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Three years later, here's how the Wyoming MMIP taskforce is doing

Vernita Shakespeare and family at Missing Murdered Indigenous March 2022. Vernita addressed the crowd after moving back last month from Oklahoma to search for unanswered questions surrounding her son's death.
Taylar Stagner
Wyoming Public Media
Vernita Shakespeare and family at Missing Murdered Indigenous March 2022. Vernita addressed the crowd after moving back last month from Oklahoma to search for unanswered questions surrounding her son's death.

During the third annual Missing and Murdered Indigenous Person (MMIP) march on Wind River Reservation everyone wore red. Many hung their heads in remembrance of loved ones lost as a prayer was said as drums played.

Vernita Shakespeare (Northern Arapaho) is the mother of Tony Harris who died in 2020. After healing from his death, Shakepeare has recently joined the MMIP movement on Wind River Reservation.

The local movement collectively supports one another as a group of mothers, daughters and family members affected by the unjust loss of a loved one.

"So, we're joining. We're gonna join them and we're gonna help raise money and help. This is just the beginning of what we can do," she said after addressing the MMIP march crowd.

Shakespeare held a sign with her daughters asking that anyone with information about her son, Tony, come forward.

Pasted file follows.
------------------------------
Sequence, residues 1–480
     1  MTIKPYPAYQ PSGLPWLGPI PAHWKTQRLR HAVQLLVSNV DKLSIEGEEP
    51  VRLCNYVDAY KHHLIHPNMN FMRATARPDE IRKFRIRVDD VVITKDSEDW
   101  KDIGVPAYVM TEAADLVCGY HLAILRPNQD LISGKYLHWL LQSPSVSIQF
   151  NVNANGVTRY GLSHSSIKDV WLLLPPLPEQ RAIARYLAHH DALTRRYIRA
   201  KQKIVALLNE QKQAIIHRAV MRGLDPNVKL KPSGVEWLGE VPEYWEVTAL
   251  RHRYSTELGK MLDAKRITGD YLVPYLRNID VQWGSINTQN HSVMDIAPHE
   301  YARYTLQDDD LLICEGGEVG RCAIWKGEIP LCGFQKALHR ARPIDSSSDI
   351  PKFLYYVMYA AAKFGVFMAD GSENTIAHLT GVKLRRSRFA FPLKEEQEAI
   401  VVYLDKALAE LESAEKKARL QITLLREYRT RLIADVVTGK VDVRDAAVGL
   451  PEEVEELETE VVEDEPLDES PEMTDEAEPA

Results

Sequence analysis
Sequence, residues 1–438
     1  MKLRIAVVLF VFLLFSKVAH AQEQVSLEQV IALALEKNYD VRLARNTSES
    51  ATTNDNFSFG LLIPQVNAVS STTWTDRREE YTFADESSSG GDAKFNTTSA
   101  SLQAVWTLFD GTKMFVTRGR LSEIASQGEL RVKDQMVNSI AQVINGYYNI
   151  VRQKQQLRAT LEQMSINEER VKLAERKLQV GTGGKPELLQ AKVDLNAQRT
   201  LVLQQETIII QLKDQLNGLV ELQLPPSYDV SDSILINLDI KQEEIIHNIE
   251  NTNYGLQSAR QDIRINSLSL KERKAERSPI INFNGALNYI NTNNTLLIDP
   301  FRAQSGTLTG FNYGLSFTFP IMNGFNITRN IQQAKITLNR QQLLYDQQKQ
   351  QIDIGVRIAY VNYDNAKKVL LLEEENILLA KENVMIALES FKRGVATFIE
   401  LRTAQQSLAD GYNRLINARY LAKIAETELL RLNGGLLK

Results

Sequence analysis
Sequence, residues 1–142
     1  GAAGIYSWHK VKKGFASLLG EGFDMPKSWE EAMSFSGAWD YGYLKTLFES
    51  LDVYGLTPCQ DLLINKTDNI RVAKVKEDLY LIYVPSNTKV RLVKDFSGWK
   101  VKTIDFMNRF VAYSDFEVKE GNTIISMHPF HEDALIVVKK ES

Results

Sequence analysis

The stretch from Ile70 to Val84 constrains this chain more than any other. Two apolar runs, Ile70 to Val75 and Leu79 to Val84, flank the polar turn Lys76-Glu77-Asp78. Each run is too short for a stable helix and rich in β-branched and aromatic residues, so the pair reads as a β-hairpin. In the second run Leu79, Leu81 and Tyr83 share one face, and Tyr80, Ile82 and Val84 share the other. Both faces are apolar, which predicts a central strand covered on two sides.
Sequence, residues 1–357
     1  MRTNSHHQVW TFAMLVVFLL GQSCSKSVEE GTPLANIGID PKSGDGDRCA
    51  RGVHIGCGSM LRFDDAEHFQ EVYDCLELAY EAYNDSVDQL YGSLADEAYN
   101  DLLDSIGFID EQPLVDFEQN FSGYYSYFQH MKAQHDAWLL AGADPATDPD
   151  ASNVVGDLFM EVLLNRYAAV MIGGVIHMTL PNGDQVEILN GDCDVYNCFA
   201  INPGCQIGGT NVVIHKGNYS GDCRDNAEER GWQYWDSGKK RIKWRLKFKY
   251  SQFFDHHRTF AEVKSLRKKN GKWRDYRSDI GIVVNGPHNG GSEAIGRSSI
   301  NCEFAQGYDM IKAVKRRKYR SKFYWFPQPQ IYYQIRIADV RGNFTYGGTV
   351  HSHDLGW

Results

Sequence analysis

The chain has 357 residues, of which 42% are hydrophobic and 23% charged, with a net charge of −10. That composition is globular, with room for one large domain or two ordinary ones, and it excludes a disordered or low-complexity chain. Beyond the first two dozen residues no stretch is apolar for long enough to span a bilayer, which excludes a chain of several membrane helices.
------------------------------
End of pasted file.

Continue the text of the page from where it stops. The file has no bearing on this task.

"So, we can get the people that did this to Tony in jail, behind bars and where they need to be because it's not safe anymore," Shakespeare said.

Back in 2019, Wyoming instituted a Missing and Murdered Indigenous Person Taskforce to help support the Wind River community and the victims of violence. The taskforce, while a big step forward, has some asking what is next.

The task force has projects in the works like a study being released in 2023 with the Wyoming Survey and Analysis Center (WYSAC). There is a documentary film about the families of those affected by MMIP with a working title of "Who Is She?"

Cara Chambers, the Director of Victims Services for the State of Wyoming and chair of the state MMIP task force, said the taskforce is important in the MMIP conversation but it has its limitations.

"We're looking into a population that is largely a sovereign entity, that is governed by federal jurisdiction. So it's fraught, in that respect, in that what the task force can do is make recommendations, but has actually no actual teeth on the Wind River," she said.

But a recommendation made by the task force in a 2021 report that outlined the lack of accurate data in keeping track of MMIP in Wyoming has been put in action.

In that report, they recommended that the Bureau of Indian Affairs (BIA) hire a victim witness coordinator to support victims of violence. The BIA has created the position but Chambers said it's been tricky getting someone to Wind River.

"But I have been assured they have hired someone, [they] should be there at the end of summer," she said.